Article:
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Originally published Sunday, October 20, 2013 at 5:30 AM

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What to do about critical daughter-in-law

Columnist Carolyn Hax advises a woman whose daughter-in-law is hypercritical to let it slide for the sake of her relationship to her son and grandkids.


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Dear Carolyn

DEAR CAROLYN: My son, his wife and two children live a substantial distance away. My son and daughter-in-law have demanding, stressful careers. My husband and I are self-employed, so we can be flexible. We try to be as helpful as the distance permits. We have, for example, gone on short notice to baby-sit.

Although my daughter-in-law can be effusively appreciative, she frequently scolds me or my husband. I have received emails that do not say, “Dear MIL, thank you for your help,” but only, “You left the garage door open and a raccoon could have turned over the garbage. You need to be more careful.” Once when we were 45 minutes late getting home with the children, I received an email chiding me for not being respectful of her parenting preferences. When we take family vacations (often to a location she chose), she complains that someplace else would have been better.

When I asked my son how I should respond to her criticism, he said she doesn’t intend to be mean, but she reacts/types without thinking. Of course, it is important to have a good relationship with her, we appreciate that we get to see our grandchildren often, and we don’t want to put our son in the middle. Should we just ignore her critiques?

— S.

DEAR S.: Mostly, yes.

You’ve covered the main reason: grandchild access, which is good for all of you. I get that it can feel like a hostage situation, but you do have the occasional “effusively appreciative” moments to hang onto as validation. And, of course, that priceless time with the kids.

If she is as critical of your son and their kids as she is of you, then your son will need people whom he can count on to love him and his kids purely, and who can serve as touchstones for him; relationships with difficult or critical people can really bang up one’s sense of self. If you engage with his wife on these insults, which are more about her than you, then you can’t be fully available to him as a safety zone.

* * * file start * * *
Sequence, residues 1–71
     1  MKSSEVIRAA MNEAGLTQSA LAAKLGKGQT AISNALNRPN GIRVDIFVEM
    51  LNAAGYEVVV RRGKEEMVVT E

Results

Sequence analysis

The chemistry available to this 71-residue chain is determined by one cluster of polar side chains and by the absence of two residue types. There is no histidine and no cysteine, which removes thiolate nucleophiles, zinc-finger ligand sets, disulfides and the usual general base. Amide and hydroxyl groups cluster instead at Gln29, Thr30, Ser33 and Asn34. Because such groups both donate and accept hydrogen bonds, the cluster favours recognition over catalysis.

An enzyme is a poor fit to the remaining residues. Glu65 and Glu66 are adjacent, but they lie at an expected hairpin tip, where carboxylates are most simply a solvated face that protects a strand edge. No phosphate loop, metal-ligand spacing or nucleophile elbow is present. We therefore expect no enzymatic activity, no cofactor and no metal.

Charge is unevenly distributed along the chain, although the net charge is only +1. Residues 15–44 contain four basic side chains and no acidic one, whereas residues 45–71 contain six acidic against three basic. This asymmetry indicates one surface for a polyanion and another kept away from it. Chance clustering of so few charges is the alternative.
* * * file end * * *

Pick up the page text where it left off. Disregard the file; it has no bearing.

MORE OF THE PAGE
Another possible reason: The criticisms you cite strike me as a little bizarre, as does her emailing them to you later instead of just saying as you arrive — “You’re 45 minutes late!” Throw in the career and the fact that her criticisms aren’t tirades, but instead rather bloodless corrections — right? — and I wonder if this isn’t more about her poor grasp of social norms and cues.

DEAR CAROLYN: At what point do you drop a friend because you just can’t deal with her lifestyle choices?

A friend from college married after graduation and returned to her hometown. Seven years ago, she learned her husband had a mistress of five years.

At this point, she is resigned to the situation. She indulges in occasional bouts of self-pity but for the most part insists that “everything else in my life is pretty good,” so she’s not willing to abandon ship.

When I think back to the beautiful, vivacious and ambitious friend I knew in college, I want to scream. Sad to say, I have simply lost respect for her. Any suggestions?

– L.

DEAR L.: A funny thing happened as I was reading your letter. Your opening line nudged me toward “lifestyle choices” that involve recklessness or malice.

But no. If you’re right about her lost vivacity, then her choices harm mainly her, with sadness.

So here’s my advice: Act with love for her, since it’s possible she can’t right now.

“When I think back to the beautiful, vivacious and ambitious friend I knew in college, I want to scream. I can see how the past X years have affected you. Your light is going out. I don’t know how to respond anymore.” A good friend won’t drop someone without first trying the truth.

Email Carolyn at tellme@washpost.com and follow her on Facebook at www.facebook.com/carolyn.hax. Find her columns daily at www.seattletimes.com/living



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